Johnson says he is more conservative than Pawlenty
NEW ULM — Republican gubernatorial candidate Jeff Johnson visited New Ulm Tuesday to discuss his campaign a week ahead of the primary.
Johnson received the Republican Party endorsement, but is being challenged by former Republican governor Tim Pawlenty who is seeking a third term.
Asked how he is different from Pawlenty, Johnson said he is more conservative and he will bring more fundamental change to Minnesota. He said Pawlenty did some good things for the state but he only changed things around the edges and made no changes to attitude or culture.
In terms of being the better Republican candidate, Johnson said he brings an enthusiastic and united base.
“He will have a lot of work to get the base out to vote for him,” Johnson said. “Without the base it is impossible to win in November.”
In addition, Johnson worried that if Pawlenty was the nominee, the governor’s race would be a referendum on his past two terms.
“It’s really hard to win that race because people want to look forward; they don’t want to look back,” he said.
Johnson said he believes Minnesotans want a straightforward leader and he felt Pawlenty flip-flopped on issues.
“Are you trying to make all sides believe you agree with them or are you telling people what you think?” Johnson said.
In regards to Trump, Johnson said he did not always agree with the president, but he supported him. Pawlenty said he didn’t support Trump, but after his victory in 2016, Pawlenty said he did vote for Trump.
“I think people get tired of that,” he said. “Look at Paul Wellstone. He was far more liberal than your average Minnesotan but he was pretty popular because people appreciated that they knew where he was and he wasn’t going to waffle around.”
Johnson said one of the areas he disagrees with Trump is his claims that the media is the enemy of the state. Johnson said he has gotten frustrated with a media bias on the federal level, but said he would never suggest the media in general was an enemy of the people.
On questions of immigration, Johnson said there was little a governor could do, but said he wanted to follow the law and is against turning Minnesota into a sanctuary state. For this reason he did not want to abolish ICE because they needed to enforce the laws. He wanted to move immigration to a merit-based system.
Johnson’s message this election year is he plans to overthrow the status quo. He said the top issue facing Minnesota is the attitude of government.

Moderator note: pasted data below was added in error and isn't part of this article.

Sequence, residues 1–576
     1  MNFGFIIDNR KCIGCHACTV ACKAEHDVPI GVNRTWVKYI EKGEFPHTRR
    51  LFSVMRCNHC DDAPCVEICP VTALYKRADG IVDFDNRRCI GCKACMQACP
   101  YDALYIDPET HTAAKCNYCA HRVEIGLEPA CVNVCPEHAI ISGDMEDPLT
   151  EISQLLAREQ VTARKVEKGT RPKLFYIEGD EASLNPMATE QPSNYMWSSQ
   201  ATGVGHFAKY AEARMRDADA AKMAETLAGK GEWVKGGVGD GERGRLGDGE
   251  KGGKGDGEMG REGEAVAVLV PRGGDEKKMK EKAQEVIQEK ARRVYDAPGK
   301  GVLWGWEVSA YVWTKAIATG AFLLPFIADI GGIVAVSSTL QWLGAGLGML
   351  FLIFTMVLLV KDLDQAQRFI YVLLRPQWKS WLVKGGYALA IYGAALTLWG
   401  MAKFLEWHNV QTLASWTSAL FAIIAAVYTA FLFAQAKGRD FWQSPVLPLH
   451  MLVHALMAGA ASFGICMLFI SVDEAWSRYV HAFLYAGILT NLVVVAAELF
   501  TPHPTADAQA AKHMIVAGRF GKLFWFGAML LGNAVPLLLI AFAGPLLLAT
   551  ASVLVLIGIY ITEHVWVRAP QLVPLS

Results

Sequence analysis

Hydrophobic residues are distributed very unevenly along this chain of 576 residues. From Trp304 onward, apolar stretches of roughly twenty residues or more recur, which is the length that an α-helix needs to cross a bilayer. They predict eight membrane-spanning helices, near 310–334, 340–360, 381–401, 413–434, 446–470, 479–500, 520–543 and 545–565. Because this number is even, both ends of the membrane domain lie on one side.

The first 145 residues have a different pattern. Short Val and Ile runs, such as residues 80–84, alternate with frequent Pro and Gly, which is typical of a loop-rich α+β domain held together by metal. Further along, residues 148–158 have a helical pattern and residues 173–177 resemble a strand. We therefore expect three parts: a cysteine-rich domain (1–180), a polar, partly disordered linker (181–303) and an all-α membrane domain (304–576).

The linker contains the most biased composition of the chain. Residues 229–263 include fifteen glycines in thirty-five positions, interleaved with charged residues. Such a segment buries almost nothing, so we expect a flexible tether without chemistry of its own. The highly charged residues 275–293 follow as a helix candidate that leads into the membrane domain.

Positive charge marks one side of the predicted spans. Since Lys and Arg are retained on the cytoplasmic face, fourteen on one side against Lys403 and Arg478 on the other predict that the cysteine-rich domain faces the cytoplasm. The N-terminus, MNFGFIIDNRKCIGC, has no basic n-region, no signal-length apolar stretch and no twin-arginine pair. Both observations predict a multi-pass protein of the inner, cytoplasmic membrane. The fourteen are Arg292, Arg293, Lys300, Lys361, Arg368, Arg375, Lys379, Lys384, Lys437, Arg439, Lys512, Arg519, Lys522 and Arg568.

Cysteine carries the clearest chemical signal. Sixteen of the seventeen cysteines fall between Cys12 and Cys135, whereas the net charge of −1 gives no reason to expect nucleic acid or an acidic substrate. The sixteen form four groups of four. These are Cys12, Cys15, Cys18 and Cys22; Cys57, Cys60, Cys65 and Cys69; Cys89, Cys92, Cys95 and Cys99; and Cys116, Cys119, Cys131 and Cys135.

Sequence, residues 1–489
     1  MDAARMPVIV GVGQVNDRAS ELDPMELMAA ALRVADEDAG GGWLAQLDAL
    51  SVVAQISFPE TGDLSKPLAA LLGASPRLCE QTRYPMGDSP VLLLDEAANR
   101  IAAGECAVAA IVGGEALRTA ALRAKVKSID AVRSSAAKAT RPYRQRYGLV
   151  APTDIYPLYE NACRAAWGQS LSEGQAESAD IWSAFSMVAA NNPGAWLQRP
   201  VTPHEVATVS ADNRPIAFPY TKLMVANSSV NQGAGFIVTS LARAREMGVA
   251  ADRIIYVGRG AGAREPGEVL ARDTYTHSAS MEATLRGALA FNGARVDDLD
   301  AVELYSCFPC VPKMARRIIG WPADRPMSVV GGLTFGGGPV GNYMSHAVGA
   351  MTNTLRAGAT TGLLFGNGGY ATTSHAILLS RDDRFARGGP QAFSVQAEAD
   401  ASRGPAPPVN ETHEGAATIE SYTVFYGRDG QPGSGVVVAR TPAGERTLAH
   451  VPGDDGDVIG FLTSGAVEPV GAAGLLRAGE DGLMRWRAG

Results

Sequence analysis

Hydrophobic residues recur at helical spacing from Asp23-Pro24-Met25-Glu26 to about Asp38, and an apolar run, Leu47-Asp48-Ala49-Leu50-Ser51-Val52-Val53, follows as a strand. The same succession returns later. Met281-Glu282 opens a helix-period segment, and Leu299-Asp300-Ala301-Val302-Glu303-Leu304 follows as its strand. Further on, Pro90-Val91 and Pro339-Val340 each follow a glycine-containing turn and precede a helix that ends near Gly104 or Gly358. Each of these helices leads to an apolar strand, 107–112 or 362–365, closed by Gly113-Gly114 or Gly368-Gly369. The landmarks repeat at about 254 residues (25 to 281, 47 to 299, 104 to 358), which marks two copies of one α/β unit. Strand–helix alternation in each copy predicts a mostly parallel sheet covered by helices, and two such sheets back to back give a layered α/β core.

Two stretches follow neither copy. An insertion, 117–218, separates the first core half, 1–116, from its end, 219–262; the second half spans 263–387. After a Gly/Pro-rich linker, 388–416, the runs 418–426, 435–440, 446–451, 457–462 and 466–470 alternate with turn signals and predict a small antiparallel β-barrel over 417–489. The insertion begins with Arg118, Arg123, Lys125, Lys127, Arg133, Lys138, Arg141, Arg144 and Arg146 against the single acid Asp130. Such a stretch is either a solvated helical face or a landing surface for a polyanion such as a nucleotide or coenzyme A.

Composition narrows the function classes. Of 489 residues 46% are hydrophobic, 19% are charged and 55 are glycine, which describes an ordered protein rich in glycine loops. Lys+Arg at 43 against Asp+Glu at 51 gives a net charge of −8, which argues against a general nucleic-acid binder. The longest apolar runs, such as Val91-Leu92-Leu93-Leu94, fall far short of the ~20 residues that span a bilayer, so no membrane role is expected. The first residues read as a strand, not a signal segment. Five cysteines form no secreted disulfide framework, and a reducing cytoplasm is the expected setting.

“We have a culture that has become arrogant in many of our agencies,” Johnson said. “They seem to believe it is their job to control and direct people as opposed to serving them.”
He cited the DNR, MPCA, BWSR and DHS as agencies with control issues.
Johnson said many farmers have spoken to him about the MPCA’s unreasonable regulations.
“Everyone I talked to wants clean water,” Johnson said. “Farmers should be included in that solution.”
Johnson’s hope is to allow the people being regulated to have a say in the decision making. He admitted in some cases the state might need to clean house in regards to agencies unwilling to serve the people.
“I have no illusions that it will be easy to change a culture in a bureaucracy the size of state government,” Johnson said. “It will take years but we have to start now.”
This is Johnson’s second campaign for governor in four years. He ran against Gov. Mark Dayton in 2014. Asked how this campaign is different, Johnson said he is running for an open seat. Incumbent governors traditionally do no lose re-election in Minnesota. Johnson believed that is the biggest change outside of his control, but also feels there is a change in the outlook and attitude of the electorate.
“Four years ago I heard a lot of people say things are going all right, and we’re not going to change horses mid-stream,” he said.
Now there is a desire for change.
“People are unhappy with the attitude they are seeing in government. They are unhappy with the some of the incompetence or scandal in government,” he said.
Johnson believes Minnesotans are looking for someone like him to disrupt the status quo.